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The policy team in a pre-COVID semester.

ITHACA, NY -- Ithaca is on a mission to reach carbon neutrality by 2030, and a group of students at Cornell University are trying to figure out how to get there. Sponsored by the Systems Engineering Program, the Ithaca Carbon Neutrality project aims to help the city, town and county consider possibilities for reducing greenhouse gas emissions, particularly in relation to existing buildings’ heating and cooling systems. The group looks at things like applicable policies, retrofits, effectiveness and equity considerations. 

“Basically it’s how do we get there and fund it, and how do we reduce carbon emissions in buildings that are already here,” project team leader Everett Sanderson said. “There are two main segments, the policy team and the modeling team.”

The modeling team uses energy data to build models of individual buildings to see how ideas for changes would affect the overall emissions, while the policy team looks at what policies the city can enact to get to their carbon neutral goal.

The team has been active since fall 2019, and was created at the request of Nick Goldsmith, the sustainability coordinator for both the city and town of Ithaca.  

“Our final deliverable is to offer a report to the city either every semester or every other semester,” Sanderson said. 

However, recently the project team has been branching out to better support residents. Sanderson said one of the largest barriers they’ve encountered is the lack of education in the sense that there are many incentives for homeowners seeking energy efficient retrofits, but many people don’t know they exist.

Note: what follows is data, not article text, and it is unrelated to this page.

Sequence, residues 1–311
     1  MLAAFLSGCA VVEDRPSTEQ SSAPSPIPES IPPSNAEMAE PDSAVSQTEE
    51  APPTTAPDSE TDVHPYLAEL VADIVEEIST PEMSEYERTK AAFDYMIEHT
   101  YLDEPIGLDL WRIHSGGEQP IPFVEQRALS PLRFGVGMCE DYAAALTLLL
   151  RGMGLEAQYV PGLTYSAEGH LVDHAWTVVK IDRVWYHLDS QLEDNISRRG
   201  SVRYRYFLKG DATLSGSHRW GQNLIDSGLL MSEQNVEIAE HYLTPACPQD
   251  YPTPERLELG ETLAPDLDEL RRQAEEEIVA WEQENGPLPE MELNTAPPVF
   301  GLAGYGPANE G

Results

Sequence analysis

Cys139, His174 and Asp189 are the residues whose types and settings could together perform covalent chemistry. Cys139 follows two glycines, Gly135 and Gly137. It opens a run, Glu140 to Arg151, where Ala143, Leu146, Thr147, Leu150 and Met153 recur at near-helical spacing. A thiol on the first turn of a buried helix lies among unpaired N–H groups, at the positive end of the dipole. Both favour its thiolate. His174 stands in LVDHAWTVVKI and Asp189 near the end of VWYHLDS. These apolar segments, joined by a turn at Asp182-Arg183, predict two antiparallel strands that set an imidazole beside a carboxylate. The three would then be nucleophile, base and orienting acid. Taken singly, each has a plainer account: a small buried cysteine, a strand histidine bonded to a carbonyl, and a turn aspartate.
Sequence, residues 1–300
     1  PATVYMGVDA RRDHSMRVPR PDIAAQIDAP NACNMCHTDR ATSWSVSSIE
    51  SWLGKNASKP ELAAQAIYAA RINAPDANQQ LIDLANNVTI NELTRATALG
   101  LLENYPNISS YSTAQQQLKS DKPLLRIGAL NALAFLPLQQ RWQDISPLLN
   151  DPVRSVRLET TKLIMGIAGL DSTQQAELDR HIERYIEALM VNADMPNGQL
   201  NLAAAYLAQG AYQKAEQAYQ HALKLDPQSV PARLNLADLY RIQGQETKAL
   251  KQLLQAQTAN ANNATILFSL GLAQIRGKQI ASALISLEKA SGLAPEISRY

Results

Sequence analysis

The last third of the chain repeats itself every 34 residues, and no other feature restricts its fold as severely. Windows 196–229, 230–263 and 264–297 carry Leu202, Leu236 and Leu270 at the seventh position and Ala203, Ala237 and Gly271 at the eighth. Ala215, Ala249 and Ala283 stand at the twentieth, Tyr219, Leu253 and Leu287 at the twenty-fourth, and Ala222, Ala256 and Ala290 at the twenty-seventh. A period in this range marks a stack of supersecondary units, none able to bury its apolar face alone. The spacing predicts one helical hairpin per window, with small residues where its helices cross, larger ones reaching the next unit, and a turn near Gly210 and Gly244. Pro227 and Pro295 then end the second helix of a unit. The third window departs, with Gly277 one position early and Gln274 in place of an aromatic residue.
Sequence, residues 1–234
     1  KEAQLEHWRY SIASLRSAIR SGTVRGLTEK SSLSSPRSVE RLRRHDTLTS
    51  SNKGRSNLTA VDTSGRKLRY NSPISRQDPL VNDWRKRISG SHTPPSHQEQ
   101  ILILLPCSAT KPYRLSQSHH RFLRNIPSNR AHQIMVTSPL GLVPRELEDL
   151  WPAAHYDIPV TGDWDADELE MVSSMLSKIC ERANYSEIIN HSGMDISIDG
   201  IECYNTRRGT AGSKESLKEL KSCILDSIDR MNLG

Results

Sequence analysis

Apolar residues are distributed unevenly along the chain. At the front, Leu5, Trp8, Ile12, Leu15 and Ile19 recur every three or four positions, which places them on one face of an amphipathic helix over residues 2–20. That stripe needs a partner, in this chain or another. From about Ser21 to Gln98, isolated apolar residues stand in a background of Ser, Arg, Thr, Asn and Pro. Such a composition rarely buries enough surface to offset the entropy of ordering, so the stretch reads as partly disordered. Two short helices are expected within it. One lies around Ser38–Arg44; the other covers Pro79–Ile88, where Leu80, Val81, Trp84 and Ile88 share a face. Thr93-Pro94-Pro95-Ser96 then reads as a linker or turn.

“And particularly lower income communities are skeptical of the incentives,” he said. “There’s a lack of trust.” 

The project’s teams are organized around four types of buildings: public, commercial, residential and historic residential. 

“We model these buildings, a small business for example, and find the retrofits that are the best way to move toward efficiency,” Sanderson said. “We do more research every semester, but we present the things that are the most efficient.”

He also referenced the Ithaca Energy Code Supplement, which is expected to be voted on at the Common Council’s May meeting, and said that while it’s impressive and ambitious, it really only affects a small percentage of buildings in Ithaca.

“It’s going to do really good work for new buildings,” he said. “But what do we do for the housing that’s already here?”

Sanderson in their research they’ve found trying to phase every house in Ithaca in under the a new energy code would take a huge amount of manpower to both complete the labor and enforce the code. 

“Incentives are a much more effective way to go,” he said. “Make it economically feasible to do it through permit relief or tax abatements.”

As for what can be done right now, Sanderson said the energy code is a good place to start. 

“The biggest issue is buildings, which is why we focus on it,” he said. “75% of emissions are coming from buildings, and the first part of addressing that is the energy code supplement. Getting it off the ground is critical.”

He said after that, focusing on existing buildings should be the priority.

“I personally think that’s the next big step,” he said. “Getting incentives and labor in place.”

(1) comment

Beth Fischi

I hope the team remembers to include a plan for maintenance. Incentives are great, but when the companies that install such assets disappear after the initial incentive rush, it leaves strapped homeowners holding the ball. It’s important to have a local workforce trained and capable of maintaining new systems at reasonable prices.

Welcome to the discussion.

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